One of the primary goals is to get B.C. communities on boards they can move forward with signs extending the Northern Woods and Water Highway. Andrew Bailey photo

Northern Woods and Water Highway wants to extend south through Quesnel

Association wants to encourage travellers to stop in small communities and spend tourism dollars

The Northern Woods and Water Highway Association is hoping to extend the highway down through Quesnel to connect Dawson Creek to Vancouver and connect the northern highway to Highway 1.

Dale Harrison, president of the Northern Woods and Water Highway Association, was in Quesnel Wednesday (July 24) hoping to get the community on board.

The Northern Woods and Water Highway currently goes from Winnipeg, Man., through northern Saskatchewan and northern Alberta to Dawson Creek, B.C., and the association would like to extend the highway down through Mackenzie, Prince George and Quesnel down to Lillooet, Whistler and Vancouver, then to Hope and Cache Creek, where it could connect with the Trans-Canada Highway.

“The primary reason is to make connection with the Lower Mainland and the population down in southern B.C. and all the way along the route, but it’s also the whole idea of the circle tours — being able to connect up with the travellers who are already travelling in western Canada from the East who are travelling on the Yellowhead and the Trans-Canada, to introduce them to a different route,” said Harrison. “If they came across on the Trans-Canada, they’ve already seen that scenery, so it’s giving them a different look at Canada. And along with that, the more people we can encourage to travel our highways and the communities that are on the route, the more money that gets deposited — and that’s really the reason we do tourism, to get outside money into the communities.”

Harrison says their primary market is the “gentle explorers” who take several months to travel along the highway and stop and spend time in the communities through which they pass.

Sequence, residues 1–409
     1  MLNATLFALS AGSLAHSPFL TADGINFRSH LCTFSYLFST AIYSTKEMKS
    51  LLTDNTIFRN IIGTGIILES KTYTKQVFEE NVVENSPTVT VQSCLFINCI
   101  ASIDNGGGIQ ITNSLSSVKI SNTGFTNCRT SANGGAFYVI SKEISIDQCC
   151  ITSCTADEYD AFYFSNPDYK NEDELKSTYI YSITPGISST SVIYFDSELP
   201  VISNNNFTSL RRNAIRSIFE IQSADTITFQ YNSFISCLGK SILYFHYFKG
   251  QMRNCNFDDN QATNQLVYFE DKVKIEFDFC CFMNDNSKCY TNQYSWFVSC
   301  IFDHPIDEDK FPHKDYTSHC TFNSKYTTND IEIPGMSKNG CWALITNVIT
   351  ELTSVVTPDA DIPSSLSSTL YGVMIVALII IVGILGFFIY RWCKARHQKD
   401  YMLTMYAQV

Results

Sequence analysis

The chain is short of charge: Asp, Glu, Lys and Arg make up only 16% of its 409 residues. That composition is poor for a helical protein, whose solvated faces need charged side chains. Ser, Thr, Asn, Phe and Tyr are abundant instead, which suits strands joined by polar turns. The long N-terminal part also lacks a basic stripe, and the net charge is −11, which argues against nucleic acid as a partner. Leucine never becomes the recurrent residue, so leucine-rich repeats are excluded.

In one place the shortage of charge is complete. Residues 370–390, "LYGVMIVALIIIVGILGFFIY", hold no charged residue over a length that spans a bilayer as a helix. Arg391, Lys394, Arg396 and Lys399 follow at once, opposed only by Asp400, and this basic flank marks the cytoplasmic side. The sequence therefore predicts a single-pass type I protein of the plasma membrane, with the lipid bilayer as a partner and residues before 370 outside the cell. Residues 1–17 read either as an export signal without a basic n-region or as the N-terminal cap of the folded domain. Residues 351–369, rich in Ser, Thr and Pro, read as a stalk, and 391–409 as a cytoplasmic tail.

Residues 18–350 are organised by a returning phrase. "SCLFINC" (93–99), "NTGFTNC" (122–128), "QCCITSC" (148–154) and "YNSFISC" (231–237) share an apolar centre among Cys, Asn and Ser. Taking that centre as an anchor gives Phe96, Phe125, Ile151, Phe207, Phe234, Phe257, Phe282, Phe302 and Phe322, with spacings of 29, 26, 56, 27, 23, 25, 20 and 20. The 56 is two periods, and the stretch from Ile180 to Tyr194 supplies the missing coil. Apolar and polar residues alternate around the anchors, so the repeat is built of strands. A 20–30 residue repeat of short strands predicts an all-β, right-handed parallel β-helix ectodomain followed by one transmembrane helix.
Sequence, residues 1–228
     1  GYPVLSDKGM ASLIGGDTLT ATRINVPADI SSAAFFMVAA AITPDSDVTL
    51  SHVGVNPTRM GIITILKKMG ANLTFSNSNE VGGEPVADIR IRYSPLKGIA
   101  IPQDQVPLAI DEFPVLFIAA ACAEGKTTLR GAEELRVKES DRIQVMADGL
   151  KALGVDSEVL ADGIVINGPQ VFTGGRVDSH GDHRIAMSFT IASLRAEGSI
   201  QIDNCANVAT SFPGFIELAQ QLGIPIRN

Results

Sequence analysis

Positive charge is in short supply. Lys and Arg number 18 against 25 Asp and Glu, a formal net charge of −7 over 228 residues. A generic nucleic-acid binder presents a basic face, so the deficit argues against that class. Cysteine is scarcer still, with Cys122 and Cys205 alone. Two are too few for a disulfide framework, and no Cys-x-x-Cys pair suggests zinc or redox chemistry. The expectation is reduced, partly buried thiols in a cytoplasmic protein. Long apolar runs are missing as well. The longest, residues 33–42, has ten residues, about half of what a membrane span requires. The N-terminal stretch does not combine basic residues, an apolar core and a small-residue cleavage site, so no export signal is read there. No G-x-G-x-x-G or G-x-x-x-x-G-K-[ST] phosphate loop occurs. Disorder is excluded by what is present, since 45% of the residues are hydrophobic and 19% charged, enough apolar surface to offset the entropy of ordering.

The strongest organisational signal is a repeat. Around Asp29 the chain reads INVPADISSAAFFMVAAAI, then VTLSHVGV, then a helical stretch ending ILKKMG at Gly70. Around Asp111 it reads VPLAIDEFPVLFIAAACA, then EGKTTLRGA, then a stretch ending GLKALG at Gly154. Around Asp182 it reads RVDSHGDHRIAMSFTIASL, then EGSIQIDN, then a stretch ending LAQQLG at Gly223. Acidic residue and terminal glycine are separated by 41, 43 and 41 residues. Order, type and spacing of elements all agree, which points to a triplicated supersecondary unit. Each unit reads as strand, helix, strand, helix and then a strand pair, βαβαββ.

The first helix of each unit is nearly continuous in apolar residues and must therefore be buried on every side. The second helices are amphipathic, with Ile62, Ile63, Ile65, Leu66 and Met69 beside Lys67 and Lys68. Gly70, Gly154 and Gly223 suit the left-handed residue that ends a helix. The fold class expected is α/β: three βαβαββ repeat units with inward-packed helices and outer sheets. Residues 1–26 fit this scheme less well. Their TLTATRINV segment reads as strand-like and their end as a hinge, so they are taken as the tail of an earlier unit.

“They’ve got time,” he said. “In localized tourism, we are seeing people are dashing away for a weekend whenever they can get free, but for our type of travel, it’s the people who are interested in exploring and spending time on the road.

“The other thing about those types of travellers is for the local campgrounds, local campgrounds get hit for weekends … these people travel every day of the week, and so they spread out the traffic, as you will, and also the economic spending. So your gas stations may not be as busy as on a long weekend, but they’ll have them Monday to Thursday coming through.”

Harrison says right now, one of their primary goals is to get B.C. communities on boards they can move forward with signs extending the Northern Woods and Water Highway.

“Our focus for B.C. is getting the communities on board and helping them understand there are more tourism dollars out there for a pretty reasonable cost,” he said. “I’m locally trying to help people understand Quesnel has a bunch of sites and things to see, but is there any thought on how people get to Quesnel?”

Harrison says that according to tourism statistics, the average tourist traveller will spend more than $150 a day on such things as gas, oil, accommodation, entertainment, recreation and clothing.

One of the key points he wants to get across is how being part of the Northern Woods and Water Highway encourages tourism and benefits the local economy.

“Right now, most municipalities consider tourism marketing an expense — really, it’s an investment,” he said. “It’s a long-term investment.”

Harrison volunteers to produce the Northern Woods and Water Highway Guide and promote the highway, and he travels from Manitoba to B.C. on the highway, taking videos and photos and speaking to community members along the way.

“I do this because I’m passionate about small-town survival,” he said.

One of the key points he wants to get across is how being part of the Northern Woods and Water Highway encourages tourism and benefits the local economy.

“Right now, most municipalities consider tourism marketing an expense — really, it’s an investment,” he said.

READ MORE: B.C. adding fast-charge stations for electric highway trips



editor@quesnelobserver.com

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